Anyone who voices criticism should also offer solutions. I therefore published a proposal to reform the EU back in the summer of 2016 and updated it later. I would like to briefly summarise the most important arguments below:
The EU's responsibility should be limited to its core competencies. These are foreign trade, customs union, competition law and the "conservation of marine resources within the framework of fisheries policy". Of the mixed competencies, "transboundary pollution", "transboundary biodiversity" and "reactor safety" should be declared core competencies.
All other mixed competencies should be returned to the nation States. These are the areas of monetary policy, consumer protection, research and development, social policy, security and defence policy, transport, environmental policy, agriculture and fisheries, and energy policy.
I call for the introduction of the à la carte principle for all competencies that are not core competencies. The basis for cooperation in most policy areas will then be based on the "enhanced cooperation" system enshrined in the European treaties. It must be possible to withdraw from joint programmes and these must be regulated by contract when they are concluded.
The European Commission should lose the right of legislative initiative on all issues that are not part of its core competencies. Under the "enhanced cooperation" system, nine member states may enter into voluntary cooperation. I support this principle, but would lower the requirements for the legislative initiatives.
Streamlining the European Union
The loss of mixed competencies means that a large number of the European Parliament's committees can be dispensed with. As a result, I call for a reduction of at least 50% in the number of MEPs.
Making the EU more flexible and leaner
Abolition of the Committee of the Regions and the Committee on Economic and Affairs. According to the à la carte principle countries should be allowed to withdraw from EU agencies.
The abolition of one of the two seats of the European Parliament.
The jurisdiction of the European Court of Justice should be limited to core competencies and to voluntary cooperation, concluded according to the à la carte principle. The jurisdiction of the European Court of Justice ends with the withdrawal from joint programmes as stipulated in the Treaty.
I call for the democratic correction of voting rights in the European Parliament. The number of members for each country should be in proportion to the number of its citizens.
Introduction of controls at the EU's internal borders with the biometric "smart borders" system. This system was developed for the rapid handling of travel at the EU's external borders. It should also become compulsory for foreigners at the Schengen borders if EU States wish to implement it.
All Member States should allocate 0.1% of GDP towards maintaining the infrastructure and personnel in the European institutions. Alternatively, this amount can also be partly provided from other sources, such as revenue from EU agencies.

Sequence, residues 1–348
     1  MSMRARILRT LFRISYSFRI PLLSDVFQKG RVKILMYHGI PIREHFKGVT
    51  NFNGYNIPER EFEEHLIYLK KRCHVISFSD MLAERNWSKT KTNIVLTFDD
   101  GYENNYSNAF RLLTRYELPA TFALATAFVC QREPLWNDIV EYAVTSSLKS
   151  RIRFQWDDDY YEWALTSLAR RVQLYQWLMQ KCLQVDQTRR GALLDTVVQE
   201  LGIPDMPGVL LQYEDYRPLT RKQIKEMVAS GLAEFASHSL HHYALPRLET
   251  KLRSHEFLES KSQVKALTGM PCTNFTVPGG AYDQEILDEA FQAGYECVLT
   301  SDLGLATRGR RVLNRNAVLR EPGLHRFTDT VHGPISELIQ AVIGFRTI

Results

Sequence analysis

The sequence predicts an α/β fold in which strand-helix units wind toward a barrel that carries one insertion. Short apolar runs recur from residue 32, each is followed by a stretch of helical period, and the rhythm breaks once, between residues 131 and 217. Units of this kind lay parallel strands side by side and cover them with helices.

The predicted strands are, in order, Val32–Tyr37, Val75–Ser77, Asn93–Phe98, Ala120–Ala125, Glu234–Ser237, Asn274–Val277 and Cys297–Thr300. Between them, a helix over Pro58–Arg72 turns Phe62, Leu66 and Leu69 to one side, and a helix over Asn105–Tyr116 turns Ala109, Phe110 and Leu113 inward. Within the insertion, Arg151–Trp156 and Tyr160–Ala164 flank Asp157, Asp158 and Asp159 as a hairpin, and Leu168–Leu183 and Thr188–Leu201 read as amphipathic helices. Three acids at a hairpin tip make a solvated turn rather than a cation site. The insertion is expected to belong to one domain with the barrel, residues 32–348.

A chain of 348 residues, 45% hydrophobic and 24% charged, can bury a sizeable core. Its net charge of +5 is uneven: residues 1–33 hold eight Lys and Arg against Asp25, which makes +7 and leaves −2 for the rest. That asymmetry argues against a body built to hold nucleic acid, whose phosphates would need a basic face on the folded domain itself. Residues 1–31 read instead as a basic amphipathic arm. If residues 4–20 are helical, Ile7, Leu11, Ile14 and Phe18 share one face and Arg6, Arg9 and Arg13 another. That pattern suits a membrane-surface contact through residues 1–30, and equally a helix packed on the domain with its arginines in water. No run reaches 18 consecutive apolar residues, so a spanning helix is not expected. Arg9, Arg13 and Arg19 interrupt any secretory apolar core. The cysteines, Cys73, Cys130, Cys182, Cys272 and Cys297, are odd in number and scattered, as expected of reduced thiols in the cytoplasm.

The à la carte principle
How I imagine its implementation:
The governments of the Member States (four States or States with a total of 20 million Union citizens) are granted the right of initiative. They give a legislative initiative to the Commission. The Commission draws up a directive and conducts a consultation process with the Member States. This directive must then be voted on in the Council of Ministers.ach minister has the same number of votes as the total number of members of the European Parliament in their country and proportional to the size of their country. If more than 50% of the votes (simple majority) are cast for this directive, it is declared an official European directive. There is no obligation to transpose, but gentle pressure should be exerted to participate in European solutions. This directive will then be passed on to national parliaments to vote on whether they want to implement it in their country. It would be possible for them to reject this directive for their country or to adapt it to national needs. In the case of any national deviation, there should be an obligation to document this for the attention of the European Commission. Even directives that have not reached 50% may be adopted on a voluntary basis.
The Commission may only act within its core competencies or if it receives a clear mandate from the nation State. This clearly limits the European regulatory frenzy.
Responsibilities and accountability will become clearer and democratic control will be facilitated. The members of the national parliaments take most of the decisions for their country.
The European Parliament can be significantly reduced in size. There will be an official European directive in many areas. Good directives will be adopted by many States. The Member States' obligation to document any deviations will ensure that the Commission is kept fully informed of any shortcomings in its directives.
Cooperation within the European framework remains attractive. Joint infrastructure projects, for example, can be initiated and financed by a group of countries while other countries do not have to participate. Such cooperation can be attractive for the member states because they may then make use of the technical competencies of the European Commission and, with the ECJ, an authority that is neutral with regard to the participants will be responsible for jurisdiction.
In addition, I propose the introduction of a quality label for products that are manufactured in accordance with the European directives. Trade would to be responsible for implementation. Violations would be prosecuted by the EU Commission.
List of references for the used photos:
- Cover photo: Ulrike Trebesius
- Photo: Rawpixel.com @ Fotolia.com